Bernice M. Wright Memorial Award: Christine M. Kudrewicz.

Elizabeth Manwell Memorial Award: Christine M. Kudrewicz.

Elizabeth L. Reid Memorial Award: Ashley N. Homer.

Ruth Tolley Award: Halimeh Abdel-Aziz.

Selleck Award: Rachel Geller Brennan.

Shannon Davis Memorial Award: Kelly Saxton.

Human Development and Family Science Outstanding Freshman Award: Elizabeth Helana Flaherty.

Human Development and Family Science Outstanding Sophomore Award: Catalina Maria Mac Laughlin.

Human Development and Family Science Outstanding Junior Award: Halimeh Abdel-Aziz.

Human Development and Family Science Outstanding Senior Award: Claire Cooke.

Kappa Omicron Nu (KON), The Human Sciences Honor Society 2020 Inductees:  Nylla Davis, Amanda Fe Garrison, Ashley N. Homer, Alexa H. Jentis, Catalina Maria Mac Laughlin, Jessica Milo.

Julia N. Rizzo, Kelly Saxton, Kirsten E. Waldron, Rachael A. Zubal-Ruggieri.

Kappa Omicron Nu (KON), The Human Sciences Honor Society Current Members:  Alyssa Noell Bethea (President), Nicole Blitzer (Special event/social media coordinator), Rachel Geller Brennan, Claire Cooke, Ashlyn Baley Friedberg (Secretary), Christine Kudrewicz, Olivia Pianese, Rachel Pourmoradi (Treasurer), Emily Grace Rispoli (Vice president), Tyler Ashley Smith.

Human development & family science Honor Roll.

Cumulative GPA of 3.4 or above at the end of Fall 2019 semester.


Madison R. Barton, Kyra Schlanger Birenbaum, Linjun Chen, Elizabeth Helana Flaherty, Luisa Gathmann, Kara J. Mueller, Madison M. Roberts, Madeleine L. Rubler, Kayla Rose Sansone.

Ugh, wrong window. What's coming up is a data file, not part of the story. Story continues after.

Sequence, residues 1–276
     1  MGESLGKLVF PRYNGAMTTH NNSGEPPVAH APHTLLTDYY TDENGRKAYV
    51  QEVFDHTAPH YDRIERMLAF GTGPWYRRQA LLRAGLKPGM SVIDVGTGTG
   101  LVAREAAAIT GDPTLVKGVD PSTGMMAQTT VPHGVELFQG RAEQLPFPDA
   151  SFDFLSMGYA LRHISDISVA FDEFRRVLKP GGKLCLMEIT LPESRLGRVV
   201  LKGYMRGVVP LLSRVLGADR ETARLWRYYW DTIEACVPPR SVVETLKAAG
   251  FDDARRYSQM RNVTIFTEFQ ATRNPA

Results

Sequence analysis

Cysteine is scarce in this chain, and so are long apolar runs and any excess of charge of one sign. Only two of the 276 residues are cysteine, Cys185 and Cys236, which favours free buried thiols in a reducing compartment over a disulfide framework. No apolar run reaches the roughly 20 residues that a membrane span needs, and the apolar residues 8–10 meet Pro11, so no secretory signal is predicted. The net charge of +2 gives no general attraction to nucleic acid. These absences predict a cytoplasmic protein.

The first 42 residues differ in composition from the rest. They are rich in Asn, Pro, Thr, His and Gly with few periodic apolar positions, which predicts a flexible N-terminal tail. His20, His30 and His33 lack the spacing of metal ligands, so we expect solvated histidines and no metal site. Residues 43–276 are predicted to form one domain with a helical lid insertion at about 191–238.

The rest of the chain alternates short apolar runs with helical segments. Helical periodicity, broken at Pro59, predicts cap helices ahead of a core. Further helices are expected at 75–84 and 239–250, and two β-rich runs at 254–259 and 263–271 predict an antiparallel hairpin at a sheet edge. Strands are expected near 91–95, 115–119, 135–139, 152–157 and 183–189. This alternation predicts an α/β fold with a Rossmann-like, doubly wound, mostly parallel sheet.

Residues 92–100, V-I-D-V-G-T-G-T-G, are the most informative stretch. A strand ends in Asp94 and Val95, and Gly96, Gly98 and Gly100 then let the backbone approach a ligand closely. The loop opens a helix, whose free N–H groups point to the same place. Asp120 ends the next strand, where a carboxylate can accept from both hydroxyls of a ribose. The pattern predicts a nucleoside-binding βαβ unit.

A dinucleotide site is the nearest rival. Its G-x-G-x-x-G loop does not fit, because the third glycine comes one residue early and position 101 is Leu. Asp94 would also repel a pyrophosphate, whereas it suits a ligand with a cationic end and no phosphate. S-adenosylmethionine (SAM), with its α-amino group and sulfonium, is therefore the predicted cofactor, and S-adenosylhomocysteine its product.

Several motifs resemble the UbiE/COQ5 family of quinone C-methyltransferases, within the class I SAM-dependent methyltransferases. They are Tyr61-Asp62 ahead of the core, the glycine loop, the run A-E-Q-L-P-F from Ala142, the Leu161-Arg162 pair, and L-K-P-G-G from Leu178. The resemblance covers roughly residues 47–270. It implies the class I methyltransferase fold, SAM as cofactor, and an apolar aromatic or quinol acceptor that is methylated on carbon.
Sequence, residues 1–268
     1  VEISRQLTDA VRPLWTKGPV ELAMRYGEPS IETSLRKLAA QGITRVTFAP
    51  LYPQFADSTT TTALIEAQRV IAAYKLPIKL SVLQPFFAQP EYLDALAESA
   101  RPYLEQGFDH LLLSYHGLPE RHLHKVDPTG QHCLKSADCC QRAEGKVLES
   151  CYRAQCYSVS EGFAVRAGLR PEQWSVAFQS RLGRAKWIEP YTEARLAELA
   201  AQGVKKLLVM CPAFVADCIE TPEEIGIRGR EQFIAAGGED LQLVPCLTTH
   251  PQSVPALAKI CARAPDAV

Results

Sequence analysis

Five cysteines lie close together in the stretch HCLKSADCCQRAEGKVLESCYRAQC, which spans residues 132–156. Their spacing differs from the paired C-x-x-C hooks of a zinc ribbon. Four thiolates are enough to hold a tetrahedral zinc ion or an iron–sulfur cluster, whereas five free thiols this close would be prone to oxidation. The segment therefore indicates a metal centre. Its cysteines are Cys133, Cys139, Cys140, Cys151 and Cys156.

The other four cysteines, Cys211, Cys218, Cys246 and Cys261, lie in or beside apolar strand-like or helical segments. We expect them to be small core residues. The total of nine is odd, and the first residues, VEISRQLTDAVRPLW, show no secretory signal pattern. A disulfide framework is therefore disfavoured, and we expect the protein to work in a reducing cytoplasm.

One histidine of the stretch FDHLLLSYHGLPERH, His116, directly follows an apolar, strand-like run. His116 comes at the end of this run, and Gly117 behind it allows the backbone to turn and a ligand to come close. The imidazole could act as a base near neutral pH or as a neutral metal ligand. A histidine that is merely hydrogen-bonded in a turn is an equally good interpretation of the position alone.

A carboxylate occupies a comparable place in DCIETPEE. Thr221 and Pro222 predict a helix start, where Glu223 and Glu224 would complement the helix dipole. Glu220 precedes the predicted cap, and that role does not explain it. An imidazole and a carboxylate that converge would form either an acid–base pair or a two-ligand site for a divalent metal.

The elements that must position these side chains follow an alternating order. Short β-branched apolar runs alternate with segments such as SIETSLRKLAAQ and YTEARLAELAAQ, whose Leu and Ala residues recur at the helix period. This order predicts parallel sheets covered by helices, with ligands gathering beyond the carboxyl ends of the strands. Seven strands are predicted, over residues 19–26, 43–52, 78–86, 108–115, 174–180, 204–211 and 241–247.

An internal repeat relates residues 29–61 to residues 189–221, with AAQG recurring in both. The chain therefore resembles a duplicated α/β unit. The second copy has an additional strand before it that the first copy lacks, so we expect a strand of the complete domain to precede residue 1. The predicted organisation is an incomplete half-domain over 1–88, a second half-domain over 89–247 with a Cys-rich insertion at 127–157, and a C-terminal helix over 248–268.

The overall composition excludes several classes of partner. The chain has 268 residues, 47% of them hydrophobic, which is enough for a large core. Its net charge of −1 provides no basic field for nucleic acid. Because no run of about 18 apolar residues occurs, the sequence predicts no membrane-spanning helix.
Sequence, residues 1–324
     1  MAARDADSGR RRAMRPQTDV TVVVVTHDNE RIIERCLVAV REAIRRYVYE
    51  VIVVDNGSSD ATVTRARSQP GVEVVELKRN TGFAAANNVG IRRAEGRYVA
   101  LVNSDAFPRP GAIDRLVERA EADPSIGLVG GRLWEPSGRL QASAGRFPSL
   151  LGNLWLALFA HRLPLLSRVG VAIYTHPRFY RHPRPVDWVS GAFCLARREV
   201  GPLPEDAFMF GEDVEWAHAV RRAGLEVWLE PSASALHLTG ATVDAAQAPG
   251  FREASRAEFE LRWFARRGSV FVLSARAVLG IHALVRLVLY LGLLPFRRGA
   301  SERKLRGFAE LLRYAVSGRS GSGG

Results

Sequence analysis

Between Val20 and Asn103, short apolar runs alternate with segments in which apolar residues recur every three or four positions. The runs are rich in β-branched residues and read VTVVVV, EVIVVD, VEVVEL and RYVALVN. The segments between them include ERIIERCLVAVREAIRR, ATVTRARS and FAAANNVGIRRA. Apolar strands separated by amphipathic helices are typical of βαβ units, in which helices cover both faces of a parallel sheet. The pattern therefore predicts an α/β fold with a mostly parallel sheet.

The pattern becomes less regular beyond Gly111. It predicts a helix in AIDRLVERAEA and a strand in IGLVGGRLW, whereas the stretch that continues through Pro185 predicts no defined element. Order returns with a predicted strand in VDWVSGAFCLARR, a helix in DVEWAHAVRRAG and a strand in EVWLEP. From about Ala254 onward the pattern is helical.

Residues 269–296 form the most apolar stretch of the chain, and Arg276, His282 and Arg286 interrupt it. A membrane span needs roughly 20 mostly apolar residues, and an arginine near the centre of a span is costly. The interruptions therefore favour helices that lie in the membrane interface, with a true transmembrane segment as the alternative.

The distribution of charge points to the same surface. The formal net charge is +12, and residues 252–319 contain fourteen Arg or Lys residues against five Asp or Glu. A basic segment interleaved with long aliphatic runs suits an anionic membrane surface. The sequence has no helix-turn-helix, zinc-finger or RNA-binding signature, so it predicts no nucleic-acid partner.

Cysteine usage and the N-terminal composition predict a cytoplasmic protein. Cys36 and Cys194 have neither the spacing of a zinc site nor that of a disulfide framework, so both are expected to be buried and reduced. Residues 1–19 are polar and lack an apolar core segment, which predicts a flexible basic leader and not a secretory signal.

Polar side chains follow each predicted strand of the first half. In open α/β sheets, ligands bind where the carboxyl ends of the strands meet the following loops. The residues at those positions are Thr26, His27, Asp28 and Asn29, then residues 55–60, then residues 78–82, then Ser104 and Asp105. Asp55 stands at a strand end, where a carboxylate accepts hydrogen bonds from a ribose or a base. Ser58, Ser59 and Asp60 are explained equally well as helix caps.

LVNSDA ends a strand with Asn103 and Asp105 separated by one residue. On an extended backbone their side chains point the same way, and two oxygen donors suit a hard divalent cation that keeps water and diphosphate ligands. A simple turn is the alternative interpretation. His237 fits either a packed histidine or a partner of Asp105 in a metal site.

Jennifer Ball, Olivia Katherine Dilascia, Amanda Fe Garrison, Dreisly Grullon, Rachel Sydney Katz, Eden Rose Laur, Grace Katherine Leslie, Catalina Maria Mac Laughlin, Tamia Denise Parsons, Julia N. Rizzo, Destiny Josefina Rodriguez, Danielle Rebecca Rubenstein, Maya Swamp, Dorbor Tarley, Camille Jeanne Vincent, Kirsten E. Waldron, Fengzhang Wang, Jala Wilson, Siyu Yang, Rachael A. Zubal-Ruggieri.


Halimeh Abdel-Aziz, Nicole Blitzer, Nylla Davis, Ashlyn Baley Friedberg, Lilly Harblin, Rachel T. Pourmoradi, Emily Grace Rispoli, Katelyn Song.


Alyssa Noell Bethea, Rachel Geller Brennan, Stephanie Rene Cetel, Claire Cooke, Marisa A. Higby, Julia Ann Jackson, Alexa H. Jentis, Christine M. Kudrewicz, Samantha Metellus, Jessica Milo, Anuoluwapo Mary Omole, Olivia Pianese, Kimberly Pichardo, Kelly Saxton, Sarah Silbowitz, Tyler Ashley Smith, Madalyn R. Tallo.

Human development & family science virtual department awards ceremony and honor society induction.